Indeed, for armchair idealists like myself, one of the great pleasures of reading these books is the infectious sense that there truly are possibilities in TV and radio broadcasting that the Beeb is uniquely poised to realise. I began to daydream about an ideal Corporation: an organisation committed to developing the cultural, intellectual and emotional sophistication of its viewers and listeners in all directions, by commissioning programmes ranging from the popular to the recondite, the humdrum to the surreal, the tried and true to the wildly experimental, with no time for the outmoded distinction between high- and lowbrow.
Its output would represent life in Britain as it is, emphasising both what is good in our nation and what is deeply wrong, as well as giving audiences a window into new, different and better ways of doing, thinking and being. Importantly, it would also acknowledge that there is more to life than what any broadcaster or streaming service has to offer, a priority I found charmingly emblematised by the desire of Doreen Stephens, a 1960s department head, quoted in A People’s History, to aim for ‘a constantly diminishing audience’ who would be ‘so stimulated to new activities that they had no time to turn on their sets’.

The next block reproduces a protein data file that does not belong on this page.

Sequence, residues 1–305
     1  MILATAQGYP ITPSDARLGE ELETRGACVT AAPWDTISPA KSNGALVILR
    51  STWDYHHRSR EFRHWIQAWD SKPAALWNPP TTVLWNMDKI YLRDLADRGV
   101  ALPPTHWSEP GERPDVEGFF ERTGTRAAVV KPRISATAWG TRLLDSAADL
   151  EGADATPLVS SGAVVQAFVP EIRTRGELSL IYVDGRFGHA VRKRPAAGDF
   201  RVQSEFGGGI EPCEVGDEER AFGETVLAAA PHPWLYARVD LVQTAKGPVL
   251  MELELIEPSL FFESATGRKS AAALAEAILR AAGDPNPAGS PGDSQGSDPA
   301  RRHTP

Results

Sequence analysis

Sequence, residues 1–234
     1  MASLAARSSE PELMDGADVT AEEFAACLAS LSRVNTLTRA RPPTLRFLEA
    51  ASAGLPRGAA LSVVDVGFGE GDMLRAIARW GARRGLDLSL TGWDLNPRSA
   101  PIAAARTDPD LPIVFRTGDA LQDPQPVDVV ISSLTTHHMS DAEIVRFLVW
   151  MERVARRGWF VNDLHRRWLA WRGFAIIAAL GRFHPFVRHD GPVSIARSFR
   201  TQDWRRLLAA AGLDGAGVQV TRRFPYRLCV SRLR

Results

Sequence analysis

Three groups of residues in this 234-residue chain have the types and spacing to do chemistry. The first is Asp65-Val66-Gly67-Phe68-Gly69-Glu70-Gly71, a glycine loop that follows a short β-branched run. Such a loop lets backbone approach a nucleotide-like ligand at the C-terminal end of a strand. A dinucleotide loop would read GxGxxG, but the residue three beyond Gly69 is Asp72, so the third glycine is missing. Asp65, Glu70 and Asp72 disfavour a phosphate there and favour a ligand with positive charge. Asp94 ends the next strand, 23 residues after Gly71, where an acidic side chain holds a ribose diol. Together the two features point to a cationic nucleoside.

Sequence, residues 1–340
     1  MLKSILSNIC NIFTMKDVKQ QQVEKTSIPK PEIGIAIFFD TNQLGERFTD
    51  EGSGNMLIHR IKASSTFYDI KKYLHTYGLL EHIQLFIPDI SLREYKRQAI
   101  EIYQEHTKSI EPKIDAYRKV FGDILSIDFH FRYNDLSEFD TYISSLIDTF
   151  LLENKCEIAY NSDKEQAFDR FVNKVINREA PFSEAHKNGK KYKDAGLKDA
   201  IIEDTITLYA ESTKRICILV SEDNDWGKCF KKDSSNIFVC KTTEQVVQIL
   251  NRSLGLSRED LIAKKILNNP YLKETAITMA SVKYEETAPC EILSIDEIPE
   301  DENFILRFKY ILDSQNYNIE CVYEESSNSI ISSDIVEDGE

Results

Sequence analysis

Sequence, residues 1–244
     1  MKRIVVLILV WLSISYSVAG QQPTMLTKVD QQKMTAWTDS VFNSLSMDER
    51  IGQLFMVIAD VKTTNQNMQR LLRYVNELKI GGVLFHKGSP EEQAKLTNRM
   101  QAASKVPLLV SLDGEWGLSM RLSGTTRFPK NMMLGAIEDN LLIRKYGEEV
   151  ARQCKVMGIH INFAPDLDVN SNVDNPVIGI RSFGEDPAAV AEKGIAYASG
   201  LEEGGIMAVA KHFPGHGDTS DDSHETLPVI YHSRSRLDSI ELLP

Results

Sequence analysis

At this point, I was jolted out of my reverie: who can really imagine anyone at the BBC saying this today? The tricky thing about harbouring ideals is that it is hard to know when you have left the realm of ambition and crossed over into fantasy land. Though Hendy and Potter’s books both make clear that the BBC has never had a de facto monopoly on British TV and radio listeners, it is arguable that, until recently, it did command enough of an audience to risk alienating a few people from time to time in the name of challenge and stimulation, without really needing to worry that they would not come back. Paternalism made sense in this context, as did the aspirations of Doreen Stephens.
But in a post-internet era, how much mileage do these ideas really have? What would be the point in the BBC producing the kind of universal programming catering to all tastes and reflecting Britain in all of its diversity and possibility if it were only to go unheard or unwatched? Perhaps it makes more sense, as the government has recently suggested, for the Corporation to focus on creating the kinds of programmes that make it ‘distinctive’, and to leave Netflix and its ilk to take care of the rest?